Case "4" in figure 23 shows the effect of firing a high pressure cartridge in a gun having Y16-inch excess head space. Note evidence of excessive head space in the separation approximately one-half inch from the head of the case and in the shortened neck. Also, note evidence of high pressure in the heavy marking of the case by the chamber wall and in the relative sharpness of the newly formed shoulder crest joining the first and second cones.

b. Defective Ammunition.
    (1) Cartridge Case With Split Neck. Figure 24 exhibits damage to a gun from a round having a case with split neck.
  (a) A live round with a split case neck was chambered in the gun. For some reason the bolt was retracted, extracting the case, but leaving the bullet in the chamber. The extracted case was ejected (1, fig. 24) and a second live round chambered. When the chambered cartridge was fired the case ruptured (2, fig. 24). The explosion ignited the cartridge lying directly above in the feedway, rupturing the case, and releasing additional gases into the action (3, fig. 24).
  (b) Note the bent cover of the gun, the bent breech lock cam, and the impressions on the cartridge case from the wall of the chamber. The presence of unburned power grains in the action further indicates that a live case was extracted, leaving the bullet in the barrel.
    (2) Hangfire.
  (a) Figure 25 shows damage to a gun resulting from a hangfire. In an attempt to clear the defective round from the gun, the action was retracted by hand sufficiently to unlock the breech bolt and begin extraction of the round from the chamber. At this point in the operation, the delayed ignition of the defective round occurred. The resulting explosion separated the case head from the case body. The escaping gases bent the cover of the gun upward.
  (b) Cartridge "1" (fig. 25) is a normal cal..30 live round. Cartridge "2" in figure 25 exhibits the deformed case body of the chambered round. Note the shortened neck. Cartridge "3" in figure 25 is a damaged round that lay in the feedway at the time of the explosion.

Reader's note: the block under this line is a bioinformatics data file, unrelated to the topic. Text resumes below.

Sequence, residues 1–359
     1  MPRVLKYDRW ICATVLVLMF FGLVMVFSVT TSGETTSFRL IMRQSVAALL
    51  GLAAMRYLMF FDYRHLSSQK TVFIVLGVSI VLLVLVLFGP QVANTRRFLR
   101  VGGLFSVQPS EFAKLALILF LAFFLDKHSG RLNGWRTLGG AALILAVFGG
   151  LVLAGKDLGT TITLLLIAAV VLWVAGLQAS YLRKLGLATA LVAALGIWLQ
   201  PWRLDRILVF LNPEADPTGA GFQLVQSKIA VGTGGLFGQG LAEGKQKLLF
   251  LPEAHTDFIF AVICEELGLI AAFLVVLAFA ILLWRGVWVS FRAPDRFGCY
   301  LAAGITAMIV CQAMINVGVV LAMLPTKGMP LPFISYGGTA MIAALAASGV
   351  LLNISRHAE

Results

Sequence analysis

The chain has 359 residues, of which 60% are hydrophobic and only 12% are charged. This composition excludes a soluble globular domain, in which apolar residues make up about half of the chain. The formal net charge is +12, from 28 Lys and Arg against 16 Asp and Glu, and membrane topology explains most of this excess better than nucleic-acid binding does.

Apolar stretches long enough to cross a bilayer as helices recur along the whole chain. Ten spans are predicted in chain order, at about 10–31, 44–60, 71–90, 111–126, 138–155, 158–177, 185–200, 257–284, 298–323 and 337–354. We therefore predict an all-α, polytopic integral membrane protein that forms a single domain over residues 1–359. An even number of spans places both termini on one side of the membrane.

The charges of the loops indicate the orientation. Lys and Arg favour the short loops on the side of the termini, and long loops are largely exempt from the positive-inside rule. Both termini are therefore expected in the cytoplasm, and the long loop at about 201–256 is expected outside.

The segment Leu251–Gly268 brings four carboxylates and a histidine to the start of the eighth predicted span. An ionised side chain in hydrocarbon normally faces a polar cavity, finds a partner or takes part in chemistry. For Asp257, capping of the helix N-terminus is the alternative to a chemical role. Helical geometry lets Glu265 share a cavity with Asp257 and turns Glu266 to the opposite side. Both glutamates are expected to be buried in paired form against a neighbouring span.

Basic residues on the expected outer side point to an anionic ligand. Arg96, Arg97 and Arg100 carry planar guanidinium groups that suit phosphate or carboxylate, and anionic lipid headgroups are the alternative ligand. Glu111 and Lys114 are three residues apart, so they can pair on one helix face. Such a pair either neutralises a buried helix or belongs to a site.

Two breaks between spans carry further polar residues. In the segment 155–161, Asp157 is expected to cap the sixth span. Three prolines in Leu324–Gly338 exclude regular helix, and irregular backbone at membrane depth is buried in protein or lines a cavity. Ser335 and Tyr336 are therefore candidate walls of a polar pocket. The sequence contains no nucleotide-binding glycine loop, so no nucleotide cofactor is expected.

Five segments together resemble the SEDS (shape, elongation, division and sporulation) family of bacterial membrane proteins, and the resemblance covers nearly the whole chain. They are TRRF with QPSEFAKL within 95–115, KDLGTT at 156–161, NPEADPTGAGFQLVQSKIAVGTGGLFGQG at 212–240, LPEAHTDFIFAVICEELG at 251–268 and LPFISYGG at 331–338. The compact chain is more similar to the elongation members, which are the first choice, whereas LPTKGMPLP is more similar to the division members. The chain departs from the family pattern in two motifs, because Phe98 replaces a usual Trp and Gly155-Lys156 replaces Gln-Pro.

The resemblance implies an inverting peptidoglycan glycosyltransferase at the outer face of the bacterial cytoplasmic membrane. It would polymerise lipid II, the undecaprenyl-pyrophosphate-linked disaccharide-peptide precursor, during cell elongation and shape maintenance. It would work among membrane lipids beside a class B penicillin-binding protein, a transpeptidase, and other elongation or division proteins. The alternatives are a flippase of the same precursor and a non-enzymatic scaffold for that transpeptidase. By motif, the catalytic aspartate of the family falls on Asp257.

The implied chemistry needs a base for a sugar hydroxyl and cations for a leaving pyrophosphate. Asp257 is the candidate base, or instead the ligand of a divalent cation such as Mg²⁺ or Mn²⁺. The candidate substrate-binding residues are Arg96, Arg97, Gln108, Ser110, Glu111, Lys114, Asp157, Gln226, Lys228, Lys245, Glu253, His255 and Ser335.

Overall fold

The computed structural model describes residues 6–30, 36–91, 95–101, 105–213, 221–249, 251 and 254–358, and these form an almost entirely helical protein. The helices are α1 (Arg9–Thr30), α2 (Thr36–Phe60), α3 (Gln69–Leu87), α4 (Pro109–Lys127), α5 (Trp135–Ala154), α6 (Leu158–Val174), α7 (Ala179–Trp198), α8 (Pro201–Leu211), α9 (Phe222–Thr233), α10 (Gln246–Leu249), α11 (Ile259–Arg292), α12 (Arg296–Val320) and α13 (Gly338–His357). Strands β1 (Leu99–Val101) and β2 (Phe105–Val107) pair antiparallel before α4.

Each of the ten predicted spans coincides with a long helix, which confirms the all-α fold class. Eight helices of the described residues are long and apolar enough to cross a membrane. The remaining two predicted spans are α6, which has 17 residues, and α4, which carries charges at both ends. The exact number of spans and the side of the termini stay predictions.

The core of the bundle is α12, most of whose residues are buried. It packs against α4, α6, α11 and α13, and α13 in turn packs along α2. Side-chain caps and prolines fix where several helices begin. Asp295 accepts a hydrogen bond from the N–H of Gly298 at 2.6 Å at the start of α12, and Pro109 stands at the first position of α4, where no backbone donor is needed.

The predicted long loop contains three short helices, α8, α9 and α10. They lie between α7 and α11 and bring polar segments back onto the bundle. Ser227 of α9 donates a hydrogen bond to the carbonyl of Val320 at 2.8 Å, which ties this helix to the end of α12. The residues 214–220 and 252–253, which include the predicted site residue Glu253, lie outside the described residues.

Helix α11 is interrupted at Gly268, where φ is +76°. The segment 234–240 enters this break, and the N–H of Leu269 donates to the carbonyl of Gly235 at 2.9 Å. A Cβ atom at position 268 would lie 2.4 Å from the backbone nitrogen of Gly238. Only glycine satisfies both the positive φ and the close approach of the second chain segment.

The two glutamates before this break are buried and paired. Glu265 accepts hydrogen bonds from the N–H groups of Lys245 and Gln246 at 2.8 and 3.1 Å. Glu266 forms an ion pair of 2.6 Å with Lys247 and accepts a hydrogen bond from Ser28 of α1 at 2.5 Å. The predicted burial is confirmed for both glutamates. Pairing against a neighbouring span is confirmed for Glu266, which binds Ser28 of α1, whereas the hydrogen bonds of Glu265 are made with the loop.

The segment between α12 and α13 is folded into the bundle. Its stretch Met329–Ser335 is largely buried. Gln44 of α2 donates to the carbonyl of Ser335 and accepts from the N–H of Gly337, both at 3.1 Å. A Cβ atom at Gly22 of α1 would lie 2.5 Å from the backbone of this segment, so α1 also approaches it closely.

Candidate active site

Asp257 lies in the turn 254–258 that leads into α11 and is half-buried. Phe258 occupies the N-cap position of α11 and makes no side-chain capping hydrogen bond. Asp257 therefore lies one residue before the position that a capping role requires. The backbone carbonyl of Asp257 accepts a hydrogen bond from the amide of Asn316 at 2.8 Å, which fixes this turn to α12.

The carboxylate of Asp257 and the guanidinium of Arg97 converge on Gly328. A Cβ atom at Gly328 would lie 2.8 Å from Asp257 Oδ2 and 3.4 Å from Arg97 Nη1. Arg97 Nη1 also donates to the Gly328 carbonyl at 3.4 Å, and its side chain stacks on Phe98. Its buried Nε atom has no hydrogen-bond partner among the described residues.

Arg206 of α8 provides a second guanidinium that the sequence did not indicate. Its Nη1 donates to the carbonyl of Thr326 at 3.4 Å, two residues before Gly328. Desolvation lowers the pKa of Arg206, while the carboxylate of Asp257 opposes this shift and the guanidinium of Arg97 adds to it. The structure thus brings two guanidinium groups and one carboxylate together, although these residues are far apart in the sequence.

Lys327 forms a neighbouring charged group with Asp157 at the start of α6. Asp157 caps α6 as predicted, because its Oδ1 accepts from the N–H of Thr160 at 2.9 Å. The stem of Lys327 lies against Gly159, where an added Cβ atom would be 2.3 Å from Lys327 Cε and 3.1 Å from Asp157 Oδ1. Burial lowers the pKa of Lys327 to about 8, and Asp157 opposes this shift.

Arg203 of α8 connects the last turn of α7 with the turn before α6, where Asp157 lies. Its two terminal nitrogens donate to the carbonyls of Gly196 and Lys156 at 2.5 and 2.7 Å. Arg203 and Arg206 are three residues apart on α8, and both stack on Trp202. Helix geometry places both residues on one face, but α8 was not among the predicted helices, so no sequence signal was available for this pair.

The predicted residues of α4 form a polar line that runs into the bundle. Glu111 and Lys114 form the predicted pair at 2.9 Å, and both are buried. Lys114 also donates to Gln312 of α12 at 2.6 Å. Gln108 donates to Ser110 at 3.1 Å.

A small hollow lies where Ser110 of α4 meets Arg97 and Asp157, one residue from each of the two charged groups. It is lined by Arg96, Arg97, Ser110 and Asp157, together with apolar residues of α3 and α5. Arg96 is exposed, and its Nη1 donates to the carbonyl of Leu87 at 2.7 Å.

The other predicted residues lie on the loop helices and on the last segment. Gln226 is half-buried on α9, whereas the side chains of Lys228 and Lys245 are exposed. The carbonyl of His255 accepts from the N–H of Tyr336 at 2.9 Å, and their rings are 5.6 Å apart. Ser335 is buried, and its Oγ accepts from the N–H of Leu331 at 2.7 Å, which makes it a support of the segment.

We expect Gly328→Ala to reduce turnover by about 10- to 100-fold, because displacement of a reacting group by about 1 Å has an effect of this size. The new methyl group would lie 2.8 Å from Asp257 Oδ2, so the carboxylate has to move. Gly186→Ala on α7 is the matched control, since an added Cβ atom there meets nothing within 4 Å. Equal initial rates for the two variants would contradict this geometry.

(3) Excessive pressure.
  (a) Figure 26 illustrates damage to a gun caused by a high chamber pressure when firing a cartridge. A cartridge that develops excessive pressure will rupture the head of its case. In this instance it also broke the extractor and bent the cover of the gun.
  (b) In all instances of high chamber pressure, the fired case will be heavily marked by the walls of the chamber.
  (c) Accidents of this type should be attributed to excess chamber pressure only after careful examination of the evidence shows no other cause.
c. Bore Obstruction.

(1) An obstruction in the bore immediately forward of the chambered round may rupture the head of the cartridge case (fig. 27). An obstruction in the long middle portion of the bore may bulge the barrel at the point of the obstruction. If the resistance is sufficiently great, the bulge may become a rupture (fig. 29). An obstruction near the muzzle may bulge or split the barrel at the point of the obstruction.
    (2) A bullet lodged in the bore immediately forward of the chambered cartridge will rupture the head of the cartridge case (fig. 28). A bullet lodged in the middle portion of the bore ordinarily does not rupture the fired case. The case may show signs of high pressure. Ordinarily, the rupture of the case head of the chambered round will ignite the cartridge lying directly above in the feedway. Typical damage from these explosions consists of a fractured "T" slot, a cracked or broken extractor, and a bent cover.
    (3) Grease or heavy oil in the chamber invariably produces a flute in the fired case (fig. 30). Note the characteristically elongated and radially contoured shape of these flutes. Case heads will show some indications of high pressure. Figure 30 also shows damage to the gun which commonly results from firing with grease in both the chamber and the breech end of the bore. The high pressure ruptures the case head, releasing the powder gases into the action. Note the fractured "T" slot, cracked barrel extension, and bent cover.
d. Fractured Firing Pin.
Figure 31 exhibits damage to a gun caused by premature firing of the incoming round by a fractured firing pin. This typical accident was caused by fracture of the firing pin during counterrecoil. The firing pin spring drove the firing pin point prematurely into the primer of the incoming round. The explosion of the cartridge chipped the "T" slot and bent the cover upward.
e. Short Barrel-Plunger Spring. Some difficulty has arisen from a change that was made in the length of the barrel plunger spring for cal..30 machine guns. Springs for these guns manufactured prior to 1941 were longer than those manufactured for the weapons after that date, and the new-type shorter springs functioned satisfactorily in the old weapons except for a decreased rate of fire. The specification given in TM 9-1205 did not indicate the changed length but have since been revised to show the shorter barrel plunger spring length.